Brazilians have agreed on one thing: National medicine has come a long way in 50 years.
Those who have experienced mid-20th century known that hospitals were not in such a good condition as they are today. Commercial centers like São Paulo and Rio de Janeiro, the two most significant states of the country, now have some of the best hospitals and healthcare institutions in Latin America.
This strong performance can be related to two major assets: The medical education of Brazilian Universities and the development of new technology to be used in clinics and for healthcare treatments and therapies. Learn more about Jorge Moll at Google Scholar.
The Brazilian education has some of the best Universities in Latin America, mainly USP, the best University of the country, which is located in the São Paulo capital; UniCamp, located in Campinas, one of the best Medical Schools of South America, and Unesp, which is also a very well-developed institution. Most of the Brazilian medics, surgeons, and doctors of reputation have studied in these facilities for being free and having some of the best professors and materials for research.
This, coupled together with technology, has resulted in a very drastic improvement in medicine and the healthcare industry.
Jorge Moll, the co-founder, and owner of the D’Or Hospitals network, which is simply the biggest chain of private hospitals in the country, having a total of 32 buildings scattered around Brazil, has stated his own opinions on the development of new technology to be used in clinics. Follow Jorge on linkedin.com.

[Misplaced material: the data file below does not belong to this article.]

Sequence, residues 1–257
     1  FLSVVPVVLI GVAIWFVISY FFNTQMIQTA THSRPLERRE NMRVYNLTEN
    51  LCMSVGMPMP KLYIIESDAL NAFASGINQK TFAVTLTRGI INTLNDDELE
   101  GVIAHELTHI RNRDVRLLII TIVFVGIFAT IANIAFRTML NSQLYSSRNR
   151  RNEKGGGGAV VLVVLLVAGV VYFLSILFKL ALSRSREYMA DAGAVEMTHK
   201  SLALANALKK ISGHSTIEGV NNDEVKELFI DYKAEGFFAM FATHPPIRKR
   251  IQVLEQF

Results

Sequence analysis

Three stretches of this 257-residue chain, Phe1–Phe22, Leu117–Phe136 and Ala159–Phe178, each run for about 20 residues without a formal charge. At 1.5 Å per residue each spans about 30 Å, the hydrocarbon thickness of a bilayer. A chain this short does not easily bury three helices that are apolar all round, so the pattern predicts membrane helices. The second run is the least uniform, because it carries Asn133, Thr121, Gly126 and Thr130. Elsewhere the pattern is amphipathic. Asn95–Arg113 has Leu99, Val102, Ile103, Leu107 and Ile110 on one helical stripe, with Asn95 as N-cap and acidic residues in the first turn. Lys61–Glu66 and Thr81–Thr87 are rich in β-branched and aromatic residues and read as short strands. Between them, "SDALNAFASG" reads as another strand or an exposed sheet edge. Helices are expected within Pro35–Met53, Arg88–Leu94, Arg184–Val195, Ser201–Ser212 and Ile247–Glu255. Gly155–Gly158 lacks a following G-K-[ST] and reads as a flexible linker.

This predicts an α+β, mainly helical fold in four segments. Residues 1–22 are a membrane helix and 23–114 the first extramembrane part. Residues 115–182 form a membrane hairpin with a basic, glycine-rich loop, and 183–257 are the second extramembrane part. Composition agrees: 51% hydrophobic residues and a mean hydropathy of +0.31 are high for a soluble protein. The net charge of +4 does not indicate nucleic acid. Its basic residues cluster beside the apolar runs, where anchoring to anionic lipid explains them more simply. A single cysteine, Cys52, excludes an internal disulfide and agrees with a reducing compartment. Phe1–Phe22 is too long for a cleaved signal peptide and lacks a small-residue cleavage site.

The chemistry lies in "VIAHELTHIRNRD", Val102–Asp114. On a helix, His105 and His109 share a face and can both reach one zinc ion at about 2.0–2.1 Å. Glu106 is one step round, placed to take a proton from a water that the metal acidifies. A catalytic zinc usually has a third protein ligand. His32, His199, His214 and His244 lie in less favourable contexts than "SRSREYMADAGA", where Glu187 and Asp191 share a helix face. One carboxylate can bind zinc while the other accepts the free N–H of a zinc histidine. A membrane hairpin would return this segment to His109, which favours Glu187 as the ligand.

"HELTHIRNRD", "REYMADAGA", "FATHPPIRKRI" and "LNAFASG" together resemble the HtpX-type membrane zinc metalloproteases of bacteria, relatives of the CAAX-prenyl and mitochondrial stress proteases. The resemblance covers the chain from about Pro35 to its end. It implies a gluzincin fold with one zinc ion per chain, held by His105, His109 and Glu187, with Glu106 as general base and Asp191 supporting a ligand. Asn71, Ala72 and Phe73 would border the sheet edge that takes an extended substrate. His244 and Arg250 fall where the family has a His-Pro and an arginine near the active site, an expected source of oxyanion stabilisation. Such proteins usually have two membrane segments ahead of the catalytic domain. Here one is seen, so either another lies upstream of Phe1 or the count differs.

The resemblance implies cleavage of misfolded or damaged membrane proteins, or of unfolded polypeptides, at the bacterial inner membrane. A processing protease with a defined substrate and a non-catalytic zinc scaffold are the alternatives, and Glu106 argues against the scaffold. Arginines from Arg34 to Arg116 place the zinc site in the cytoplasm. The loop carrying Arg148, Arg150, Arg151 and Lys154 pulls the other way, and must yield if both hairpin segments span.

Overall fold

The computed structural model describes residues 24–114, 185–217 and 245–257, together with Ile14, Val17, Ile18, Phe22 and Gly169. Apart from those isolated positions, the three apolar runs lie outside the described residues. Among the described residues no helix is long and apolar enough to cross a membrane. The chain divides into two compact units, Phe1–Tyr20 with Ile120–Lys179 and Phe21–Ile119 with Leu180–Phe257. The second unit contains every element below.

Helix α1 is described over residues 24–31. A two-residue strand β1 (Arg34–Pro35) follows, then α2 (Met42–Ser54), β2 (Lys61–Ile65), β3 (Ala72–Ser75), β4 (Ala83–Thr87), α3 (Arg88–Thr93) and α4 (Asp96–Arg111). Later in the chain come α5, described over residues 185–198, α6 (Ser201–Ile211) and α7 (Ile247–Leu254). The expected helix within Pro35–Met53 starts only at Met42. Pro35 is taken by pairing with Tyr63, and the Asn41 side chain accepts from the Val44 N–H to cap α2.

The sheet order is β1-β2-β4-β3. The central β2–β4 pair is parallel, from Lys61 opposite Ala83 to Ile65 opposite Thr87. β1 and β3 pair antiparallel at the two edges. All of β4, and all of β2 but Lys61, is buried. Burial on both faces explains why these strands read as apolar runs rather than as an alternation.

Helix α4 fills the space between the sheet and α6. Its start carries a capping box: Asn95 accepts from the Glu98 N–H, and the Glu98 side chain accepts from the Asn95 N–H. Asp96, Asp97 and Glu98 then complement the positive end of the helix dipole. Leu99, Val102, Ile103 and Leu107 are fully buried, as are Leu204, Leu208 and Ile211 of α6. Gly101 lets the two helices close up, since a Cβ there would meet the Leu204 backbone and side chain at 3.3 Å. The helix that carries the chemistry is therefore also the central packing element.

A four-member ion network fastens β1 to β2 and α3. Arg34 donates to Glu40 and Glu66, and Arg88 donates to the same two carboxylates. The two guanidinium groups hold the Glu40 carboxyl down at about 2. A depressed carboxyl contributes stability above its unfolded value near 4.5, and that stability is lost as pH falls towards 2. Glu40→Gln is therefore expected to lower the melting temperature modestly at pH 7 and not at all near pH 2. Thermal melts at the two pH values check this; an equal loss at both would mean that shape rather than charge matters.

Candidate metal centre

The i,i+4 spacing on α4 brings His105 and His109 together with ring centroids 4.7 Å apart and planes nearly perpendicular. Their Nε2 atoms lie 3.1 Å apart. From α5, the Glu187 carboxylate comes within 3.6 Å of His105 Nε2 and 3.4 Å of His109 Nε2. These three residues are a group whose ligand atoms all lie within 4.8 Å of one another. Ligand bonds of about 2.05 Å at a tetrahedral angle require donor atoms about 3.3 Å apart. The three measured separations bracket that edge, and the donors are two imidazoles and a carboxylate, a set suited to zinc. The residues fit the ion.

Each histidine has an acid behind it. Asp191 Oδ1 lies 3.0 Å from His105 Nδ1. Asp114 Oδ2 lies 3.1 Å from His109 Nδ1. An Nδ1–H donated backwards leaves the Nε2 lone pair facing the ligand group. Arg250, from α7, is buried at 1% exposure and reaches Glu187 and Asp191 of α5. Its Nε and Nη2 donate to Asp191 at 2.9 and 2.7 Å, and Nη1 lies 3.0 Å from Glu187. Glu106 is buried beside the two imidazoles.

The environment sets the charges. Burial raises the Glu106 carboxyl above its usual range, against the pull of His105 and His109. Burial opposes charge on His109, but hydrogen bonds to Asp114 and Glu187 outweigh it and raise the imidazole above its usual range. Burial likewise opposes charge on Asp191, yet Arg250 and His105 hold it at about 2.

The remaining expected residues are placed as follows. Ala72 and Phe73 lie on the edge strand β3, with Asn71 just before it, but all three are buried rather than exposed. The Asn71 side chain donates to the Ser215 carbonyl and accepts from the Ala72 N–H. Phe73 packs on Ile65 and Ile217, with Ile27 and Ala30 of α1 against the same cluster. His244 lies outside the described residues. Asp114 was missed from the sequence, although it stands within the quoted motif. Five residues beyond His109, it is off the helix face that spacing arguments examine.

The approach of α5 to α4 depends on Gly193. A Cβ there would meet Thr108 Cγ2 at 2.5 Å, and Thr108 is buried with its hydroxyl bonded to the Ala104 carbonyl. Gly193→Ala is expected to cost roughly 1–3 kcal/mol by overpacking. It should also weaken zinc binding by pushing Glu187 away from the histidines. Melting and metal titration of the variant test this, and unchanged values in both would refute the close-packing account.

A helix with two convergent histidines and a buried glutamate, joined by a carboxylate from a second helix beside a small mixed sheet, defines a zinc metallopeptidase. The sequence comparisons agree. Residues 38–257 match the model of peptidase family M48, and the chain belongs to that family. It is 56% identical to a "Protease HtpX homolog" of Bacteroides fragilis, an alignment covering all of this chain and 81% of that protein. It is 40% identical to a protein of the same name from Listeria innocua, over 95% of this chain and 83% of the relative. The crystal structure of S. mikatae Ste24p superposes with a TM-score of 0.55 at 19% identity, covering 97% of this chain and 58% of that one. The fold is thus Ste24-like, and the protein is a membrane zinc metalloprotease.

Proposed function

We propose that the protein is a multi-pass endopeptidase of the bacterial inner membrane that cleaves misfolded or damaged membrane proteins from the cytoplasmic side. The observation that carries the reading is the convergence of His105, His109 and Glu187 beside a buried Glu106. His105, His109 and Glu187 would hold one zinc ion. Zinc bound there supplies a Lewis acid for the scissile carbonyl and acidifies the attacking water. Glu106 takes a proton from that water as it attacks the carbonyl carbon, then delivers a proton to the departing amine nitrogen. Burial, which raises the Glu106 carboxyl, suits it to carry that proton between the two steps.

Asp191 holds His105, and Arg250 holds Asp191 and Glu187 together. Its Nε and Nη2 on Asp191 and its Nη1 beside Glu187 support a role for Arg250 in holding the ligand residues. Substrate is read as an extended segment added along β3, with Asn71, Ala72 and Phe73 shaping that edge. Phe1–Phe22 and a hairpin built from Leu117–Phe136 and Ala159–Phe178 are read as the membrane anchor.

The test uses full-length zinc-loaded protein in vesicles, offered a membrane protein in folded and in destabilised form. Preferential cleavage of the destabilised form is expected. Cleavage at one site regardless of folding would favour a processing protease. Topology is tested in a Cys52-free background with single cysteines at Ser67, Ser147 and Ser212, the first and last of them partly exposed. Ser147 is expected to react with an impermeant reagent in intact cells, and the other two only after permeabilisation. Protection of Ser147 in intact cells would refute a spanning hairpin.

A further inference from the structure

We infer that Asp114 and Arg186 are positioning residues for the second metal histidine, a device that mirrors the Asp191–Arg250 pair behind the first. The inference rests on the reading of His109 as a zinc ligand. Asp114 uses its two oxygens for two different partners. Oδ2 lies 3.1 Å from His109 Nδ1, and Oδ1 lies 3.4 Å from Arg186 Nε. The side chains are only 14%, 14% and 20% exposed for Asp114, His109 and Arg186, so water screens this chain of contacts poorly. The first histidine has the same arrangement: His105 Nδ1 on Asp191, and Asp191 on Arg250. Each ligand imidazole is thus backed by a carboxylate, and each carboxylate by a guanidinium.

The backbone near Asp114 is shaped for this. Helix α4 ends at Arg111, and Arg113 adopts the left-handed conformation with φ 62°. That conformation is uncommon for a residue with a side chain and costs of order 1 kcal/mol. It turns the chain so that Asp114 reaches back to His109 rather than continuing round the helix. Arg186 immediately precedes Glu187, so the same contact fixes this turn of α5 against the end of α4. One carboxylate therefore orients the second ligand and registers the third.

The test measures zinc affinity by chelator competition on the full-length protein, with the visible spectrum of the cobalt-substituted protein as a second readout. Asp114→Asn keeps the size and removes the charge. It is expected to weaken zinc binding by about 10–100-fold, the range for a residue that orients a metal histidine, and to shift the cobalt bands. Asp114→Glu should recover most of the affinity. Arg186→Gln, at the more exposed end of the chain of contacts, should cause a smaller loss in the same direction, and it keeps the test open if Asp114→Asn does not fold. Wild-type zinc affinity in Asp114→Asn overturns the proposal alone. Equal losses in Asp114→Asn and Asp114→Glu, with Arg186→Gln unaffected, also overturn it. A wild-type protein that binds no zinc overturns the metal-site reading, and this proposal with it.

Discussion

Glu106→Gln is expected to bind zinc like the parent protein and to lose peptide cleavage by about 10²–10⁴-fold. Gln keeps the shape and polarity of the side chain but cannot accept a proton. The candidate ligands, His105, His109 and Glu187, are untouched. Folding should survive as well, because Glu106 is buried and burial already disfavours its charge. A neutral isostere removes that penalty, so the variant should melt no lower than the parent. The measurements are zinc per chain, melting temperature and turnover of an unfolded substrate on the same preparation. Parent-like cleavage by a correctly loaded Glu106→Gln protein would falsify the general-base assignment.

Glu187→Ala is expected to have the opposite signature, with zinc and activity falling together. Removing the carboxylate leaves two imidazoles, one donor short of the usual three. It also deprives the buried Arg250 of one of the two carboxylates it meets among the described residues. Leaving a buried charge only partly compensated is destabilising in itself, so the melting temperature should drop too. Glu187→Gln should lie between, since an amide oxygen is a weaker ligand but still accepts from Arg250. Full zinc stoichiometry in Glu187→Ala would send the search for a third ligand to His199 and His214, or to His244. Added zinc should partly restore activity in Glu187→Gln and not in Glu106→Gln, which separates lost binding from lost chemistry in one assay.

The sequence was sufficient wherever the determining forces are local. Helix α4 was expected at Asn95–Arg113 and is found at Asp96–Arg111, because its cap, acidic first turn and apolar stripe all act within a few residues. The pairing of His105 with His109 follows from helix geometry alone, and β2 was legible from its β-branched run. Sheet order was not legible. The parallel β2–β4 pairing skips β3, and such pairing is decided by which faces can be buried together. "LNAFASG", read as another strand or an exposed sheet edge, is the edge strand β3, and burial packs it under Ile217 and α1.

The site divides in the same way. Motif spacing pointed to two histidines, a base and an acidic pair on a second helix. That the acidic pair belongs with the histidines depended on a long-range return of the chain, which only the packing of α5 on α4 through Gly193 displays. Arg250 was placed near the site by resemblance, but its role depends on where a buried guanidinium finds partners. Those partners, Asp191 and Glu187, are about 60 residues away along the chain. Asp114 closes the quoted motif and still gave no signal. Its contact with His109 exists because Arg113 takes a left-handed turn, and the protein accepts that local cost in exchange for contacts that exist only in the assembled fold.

As a Cardiologist himself, who has experienced treatments without modern tools and with them, Jorge Moll can say, with confidence, that technology can definitely improve the performance and effectiveness of therapies. Exams become easier to perform, with quicker and real-time results; professionals and doctors don’t have to rely on their senses anymore with advanced sensors and machinery; and patients can feel more comfortable and safe with tablets that can call nurses if help is required, and smartphones with applications that can measure the temperature and the heartbeat of the user.
With medicine, Jorge Moll firmly believes that technology will be mandatory. In that aspect, Brazil has already improved, and will continue to do so if both quality education and modern solutions are available.
Know more: http://moll-lab.org/our-team/jorge-moll